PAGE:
Statement From The Two Bridges Neighborhood Council:
South Street Seaport Public Forum (11/10/14)
Is it possible that the historic and irreplaceable South Street Seaport is still a landmark preservation issue? Is it possible, in spite of preservation efforts extending over what seems an endless 40 year period; in spite of copious, yet still unresolved preservation visions and plans, all laudably meant to guarantee its permanence in the annals of American and New York City’s celebrated story, but just “how” still an issue yet unresolved. Could the future of the South Street Seaport district, after all of that, still be a question?
Might we be actually witnessing what is now an historic district precariously poised to become part of New York’s extinct history?
Could we actually find comfort and justification to destroy it, or alter it or compromise the integrity of its history, all because we conveniently prefer to subscribe to that often stated, if inane, belief that, because New York City is a perpetually changing skyscape –we can sacrifice and obliterate its history at the expense of what is too often nobly described as inevitable “progress”. Or has that belief not really been, in many cases, a veiled defense of a developer’s future prospects at the expense of preserving history. Is not New York City usually the exporter of innovate commerce and business ideas? Or do we really need to adapt to ideas that come from Arizona, California or Texas?
Are elected officials here tonight acting as arbiters of the future of this historic district, thinking that they have to “balance” competing interests, or will they serve and act accordingly as attentive listeners to a community of preservationists, residents, community leaders and local business owners resolved in their united appeals to declare, once and for all, that the South Street Seaport district is an off-limits public resource? It is not a Disney backdrop meant to enhance a development project, but a precious resource that a development project must serve to enhance, which in this case, the tremendous value of the seaport’s existing public resources, including berthings and moorings for historic vessels; a catalogue of eighteenth and nineteenth century architecture; and the historic Fulton Fish Market, both the 1939 New Market Building and the 1907 Tin Building.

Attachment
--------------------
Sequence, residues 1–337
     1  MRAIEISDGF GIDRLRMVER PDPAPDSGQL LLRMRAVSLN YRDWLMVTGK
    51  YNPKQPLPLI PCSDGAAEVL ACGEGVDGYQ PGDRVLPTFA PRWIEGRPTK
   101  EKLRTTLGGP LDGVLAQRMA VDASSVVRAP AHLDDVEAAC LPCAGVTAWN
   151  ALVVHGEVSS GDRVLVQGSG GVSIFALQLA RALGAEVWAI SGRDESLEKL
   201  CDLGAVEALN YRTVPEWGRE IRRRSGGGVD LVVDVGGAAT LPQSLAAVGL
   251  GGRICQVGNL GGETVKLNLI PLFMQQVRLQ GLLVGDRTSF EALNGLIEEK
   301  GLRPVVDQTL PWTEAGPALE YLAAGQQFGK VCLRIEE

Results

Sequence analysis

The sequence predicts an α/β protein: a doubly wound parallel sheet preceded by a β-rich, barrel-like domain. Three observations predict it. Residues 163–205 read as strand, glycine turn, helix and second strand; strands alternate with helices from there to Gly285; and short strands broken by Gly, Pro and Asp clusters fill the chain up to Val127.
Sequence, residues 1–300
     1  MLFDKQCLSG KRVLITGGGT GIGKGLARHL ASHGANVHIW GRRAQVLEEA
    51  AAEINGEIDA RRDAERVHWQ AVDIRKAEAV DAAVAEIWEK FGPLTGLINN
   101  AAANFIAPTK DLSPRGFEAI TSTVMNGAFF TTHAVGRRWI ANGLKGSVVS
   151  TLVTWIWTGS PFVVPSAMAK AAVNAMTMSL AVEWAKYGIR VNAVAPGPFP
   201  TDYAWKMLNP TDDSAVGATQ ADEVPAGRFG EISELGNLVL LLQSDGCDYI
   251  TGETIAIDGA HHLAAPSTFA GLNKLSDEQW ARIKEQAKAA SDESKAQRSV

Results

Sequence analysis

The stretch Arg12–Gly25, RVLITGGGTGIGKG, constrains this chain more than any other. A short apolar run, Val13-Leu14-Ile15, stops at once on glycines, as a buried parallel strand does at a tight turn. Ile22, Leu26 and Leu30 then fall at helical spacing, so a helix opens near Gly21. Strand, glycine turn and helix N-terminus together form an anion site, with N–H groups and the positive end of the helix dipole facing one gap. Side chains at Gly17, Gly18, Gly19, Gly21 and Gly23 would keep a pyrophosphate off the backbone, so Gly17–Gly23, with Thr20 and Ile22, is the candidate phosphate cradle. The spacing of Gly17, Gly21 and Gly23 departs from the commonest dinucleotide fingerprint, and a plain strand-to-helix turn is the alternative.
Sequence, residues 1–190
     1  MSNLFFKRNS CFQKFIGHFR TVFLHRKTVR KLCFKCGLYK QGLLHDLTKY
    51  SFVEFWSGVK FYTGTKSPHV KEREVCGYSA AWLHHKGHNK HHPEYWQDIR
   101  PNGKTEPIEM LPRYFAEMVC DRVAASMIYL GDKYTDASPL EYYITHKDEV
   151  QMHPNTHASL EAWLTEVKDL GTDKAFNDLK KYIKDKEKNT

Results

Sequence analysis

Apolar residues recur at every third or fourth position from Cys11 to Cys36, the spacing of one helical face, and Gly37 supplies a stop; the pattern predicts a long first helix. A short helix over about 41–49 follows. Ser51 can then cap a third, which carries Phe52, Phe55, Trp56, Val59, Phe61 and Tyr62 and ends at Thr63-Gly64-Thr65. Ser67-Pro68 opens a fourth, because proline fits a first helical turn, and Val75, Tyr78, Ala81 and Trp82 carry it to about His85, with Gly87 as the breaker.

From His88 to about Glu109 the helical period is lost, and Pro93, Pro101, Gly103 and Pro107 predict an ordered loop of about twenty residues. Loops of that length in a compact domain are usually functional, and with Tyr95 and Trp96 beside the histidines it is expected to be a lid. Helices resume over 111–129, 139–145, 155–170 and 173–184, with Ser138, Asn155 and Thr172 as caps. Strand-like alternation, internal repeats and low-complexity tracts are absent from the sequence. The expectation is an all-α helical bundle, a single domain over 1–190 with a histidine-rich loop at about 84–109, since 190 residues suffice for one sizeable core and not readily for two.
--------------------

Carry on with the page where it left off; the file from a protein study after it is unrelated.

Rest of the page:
Two Bridges is here tonight as a 60 year old Lower East Side organization that built an entire urban renewal district along the East River waterfront with affordable housing. We are also preservationists in the sense that we have been the sole sponsors of the Two Bridges Historic District, The Chinatown Little Italy Historic District and the Bowery Historic District. These preservation efforts were more motivated by the lamentable loss of so many historic buildings through solely developer-driven initiatives, which the only evidence of the once grand histories of these historic buildings can now be accessed solely through historical pictorial reference books and documents.